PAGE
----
Iowa Supreme Court legalizes gay marriage
DES MOINES, Iowa -- Iowa's Supreme Court legalized gay marriage Friday in a unanimous decision that makes Iowa the third state -- and first in the nation's heartland -- to allow same-sex couples to wed.
Iowa joins only Massachusetts and Connecticut in permitting same-sex marriage. For six months last year, California's high court allowed gay marriage before voters banned it in November.
The Iowa justices upheld a lower-court ruling that rejected a state law restricting marriage to a union between a man and woman.
The county attorney who defended the law said he would not seek a rehearing. The only recourse for opponents appeared to be a constitutional amendment, which could take years to ratify.
"We are firmly convinced the exclusion of gay and lesbian people from the institution of civil marriage does not substantially further any important governmental objective," the Supreme Court wrote.
Iowa lawmakers have "excluded a historically disfavored class of persons from a supremely important civil institution without a constitutionally sufficient justification."
To issue any other decision, the justices said, "would be an abdication of our constitutional duty."
The Iowa attorney general's office said gay and lesbian couples can seek marriage licenses starting April 24, once the ruling is considered final.
"Iowa is about justice, and that's what happened here today," said Laura Fefchak, who awaited the decision at a party in the Des Moines suburb of Urbandale.
Her partner of 13 years, Nancy Robinson, added: "To tell the truth, I didn't think I'd see this day."
Des Moines attorney Dennis Johnson, who argued on behalf of gay and lesbian couples, said "this is a great day for civil rights in Iowa."
"We have all of you courageous plaintiffs to thank: Go get married, live happily ever after, live the American dream," he said.
In its decision, the Supreme Court upheld an August 2007 decision by a judge who found that a state law limiting marriage to a man and a woman violates the constitutional rights of equal protection.
The Polk County attorney's office claimed Judge Robert Hanson's ruling violated the separation of powers and said the issue should be left to the legislature.
The case had been working its way through the courts since 2005, when Lambda Legal, a New York-based gay rights organization, filed a lawsuit on behalf of six gay and lesbian couples in Iowa.
The Supreme Court noted that any new distinction based on sexual orientation "would be equally suspect and difficult to square" with the state's constitution.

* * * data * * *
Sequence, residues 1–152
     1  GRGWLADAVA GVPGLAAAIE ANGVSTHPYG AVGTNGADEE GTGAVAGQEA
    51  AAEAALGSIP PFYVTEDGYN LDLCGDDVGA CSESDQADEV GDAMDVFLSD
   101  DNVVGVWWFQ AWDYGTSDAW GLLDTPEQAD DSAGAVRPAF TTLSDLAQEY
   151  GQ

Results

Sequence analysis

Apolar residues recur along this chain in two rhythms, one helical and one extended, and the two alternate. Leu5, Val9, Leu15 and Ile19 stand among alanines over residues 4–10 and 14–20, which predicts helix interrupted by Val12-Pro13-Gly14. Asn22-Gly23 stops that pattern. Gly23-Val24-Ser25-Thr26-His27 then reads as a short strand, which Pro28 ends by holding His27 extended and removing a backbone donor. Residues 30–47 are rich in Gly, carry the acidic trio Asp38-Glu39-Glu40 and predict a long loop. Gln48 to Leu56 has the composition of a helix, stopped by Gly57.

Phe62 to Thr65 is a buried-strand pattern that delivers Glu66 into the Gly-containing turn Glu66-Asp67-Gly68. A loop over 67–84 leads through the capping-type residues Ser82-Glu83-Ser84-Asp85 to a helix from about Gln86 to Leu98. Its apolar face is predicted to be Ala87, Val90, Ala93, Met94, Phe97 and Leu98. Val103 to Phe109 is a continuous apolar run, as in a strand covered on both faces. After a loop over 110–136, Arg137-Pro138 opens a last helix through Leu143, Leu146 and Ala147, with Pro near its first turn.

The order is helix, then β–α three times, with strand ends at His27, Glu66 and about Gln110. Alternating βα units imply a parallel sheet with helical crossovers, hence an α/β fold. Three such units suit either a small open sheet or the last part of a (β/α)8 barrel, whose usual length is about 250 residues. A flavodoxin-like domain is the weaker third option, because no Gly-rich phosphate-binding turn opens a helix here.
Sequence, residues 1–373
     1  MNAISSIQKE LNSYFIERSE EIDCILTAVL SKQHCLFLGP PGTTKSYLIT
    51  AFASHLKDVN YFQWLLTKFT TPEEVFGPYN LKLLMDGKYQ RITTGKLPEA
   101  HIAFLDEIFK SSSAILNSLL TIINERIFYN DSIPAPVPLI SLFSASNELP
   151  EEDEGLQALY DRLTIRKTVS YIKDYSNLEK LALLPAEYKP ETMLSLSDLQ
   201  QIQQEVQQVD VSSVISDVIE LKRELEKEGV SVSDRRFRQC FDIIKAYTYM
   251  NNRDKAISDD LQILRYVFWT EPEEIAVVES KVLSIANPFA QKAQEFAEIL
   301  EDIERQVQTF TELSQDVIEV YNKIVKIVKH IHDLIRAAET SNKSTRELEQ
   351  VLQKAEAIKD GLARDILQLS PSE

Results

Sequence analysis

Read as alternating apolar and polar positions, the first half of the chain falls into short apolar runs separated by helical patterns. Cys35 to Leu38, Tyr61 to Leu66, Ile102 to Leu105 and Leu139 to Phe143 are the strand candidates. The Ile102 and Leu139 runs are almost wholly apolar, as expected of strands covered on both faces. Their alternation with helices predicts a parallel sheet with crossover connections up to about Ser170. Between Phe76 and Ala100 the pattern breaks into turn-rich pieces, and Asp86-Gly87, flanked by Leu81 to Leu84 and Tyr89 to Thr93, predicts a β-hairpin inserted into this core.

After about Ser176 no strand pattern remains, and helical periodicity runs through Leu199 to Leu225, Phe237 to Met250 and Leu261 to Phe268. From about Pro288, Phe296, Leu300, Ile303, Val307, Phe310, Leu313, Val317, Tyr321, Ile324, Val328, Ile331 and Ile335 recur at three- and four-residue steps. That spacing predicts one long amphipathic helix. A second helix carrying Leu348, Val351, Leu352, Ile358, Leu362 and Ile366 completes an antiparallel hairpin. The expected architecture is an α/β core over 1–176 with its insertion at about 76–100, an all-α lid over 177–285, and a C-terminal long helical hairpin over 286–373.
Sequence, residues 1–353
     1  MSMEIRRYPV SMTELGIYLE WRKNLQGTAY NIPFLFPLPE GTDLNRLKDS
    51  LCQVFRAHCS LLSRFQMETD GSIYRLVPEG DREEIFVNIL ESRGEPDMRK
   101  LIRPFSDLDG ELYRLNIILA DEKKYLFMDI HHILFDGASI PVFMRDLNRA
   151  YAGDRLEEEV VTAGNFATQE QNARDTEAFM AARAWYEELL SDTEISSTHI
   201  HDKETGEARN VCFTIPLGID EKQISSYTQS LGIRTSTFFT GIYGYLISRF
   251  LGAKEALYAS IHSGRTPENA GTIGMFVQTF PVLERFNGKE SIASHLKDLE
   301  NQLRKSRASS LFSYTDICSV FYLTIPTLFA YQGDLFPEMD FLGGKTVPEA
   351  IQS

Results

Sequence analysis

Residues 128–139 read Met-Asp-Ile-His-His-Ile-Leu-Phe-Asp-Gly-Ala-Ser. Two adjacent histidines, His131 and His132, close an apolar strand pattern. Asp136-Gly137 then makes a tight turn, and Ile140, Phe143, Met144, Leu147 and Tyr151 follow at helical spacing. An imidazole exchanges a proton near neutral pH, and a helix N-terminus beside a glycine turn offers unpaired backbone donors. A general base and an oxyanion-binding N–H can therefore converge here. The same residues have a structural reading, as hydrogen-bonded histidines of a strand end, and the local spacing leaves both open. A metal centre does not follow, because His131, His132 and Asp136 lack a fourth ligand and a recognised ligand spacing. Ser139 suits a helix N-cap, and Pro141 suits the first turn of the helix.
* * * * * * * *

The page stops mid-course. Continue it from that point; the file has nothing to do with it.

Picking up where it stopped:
John Logan, a sociology professor at Brown University, said Iowa's status as a largely rural, Midwest state could enforce an argument that gay marriage is no longer a fringe issue.
"When it was only California and Massachusetts, it could be perceived as extremism on the coasts and not related to core American values.
"But as it extends to states like Iowa, and as attitudes toward gay marriage have evidently changed, then people will look at it as an example of broad acceptance," Logan said.
Polk County Attorney John Sarcone said his office will not ask for the case to be reconsidered.
"Our Supreme Court has decided it, and they make the decision as to what the law is, and we follow Supreme Court decisions," Sarcone said.
No options left
Gay marriage opponents have no other legal options to appeal the case to the state or federal level because they were not parties to the lawsuit, and there is no federal issue raised in the case, Sarcone said.
Bryan English, spokesman for the Iowa Family Policy Center, a conservative group that opposes same-sex marriage, said many Iowans are disappointed with the ruling and do not want courts to decide the issue.
"I would say the mood is one of mourning right now in a lot of ways," English said. He said the group immediately began lobbying legislators "to let the people of Iowa vote" on a constitutional amendment.
"This is an issue that will define [lawmakers[']] leadership. This is not a side issue."
Iowa has a history of being in the forefront on social issues. It was among the first states to legalize interracial marriage and to allow married women to own property. It was also the first state to admit a woman to the bar to practice law and was a leader in school desegregation.
Todd Pettys, a University of Iowa law professor, said the state's equal protection clause on which Friday's ruling was based is worded slightly differently than the U.S. Constitution. But Iowa's language means almost "exactly the same thing."
Still, he said, it's difficult to predict whether the U.S. Supreme Court would view the issue the same way as the Iowa justices.
Linda McClain, professor at Boston University School of Law, said she doubted Iowa's ruling would be "a realistic blueprint" for the U.S. Supreme Court," particularly considering the court's conservative leadership.
Senate Majority Leader Mike Gronstal, a Democrat, said state lawmakers were unlikely to consider gay marriage legislation in this legislative session, which is expected to end within weeks.
Gronstal also said he's "not inclined" to propose a constitutional amendment during next year's session.
Iowa's Democratic governor, Chet Culver, said he would review the decision before announcing his views.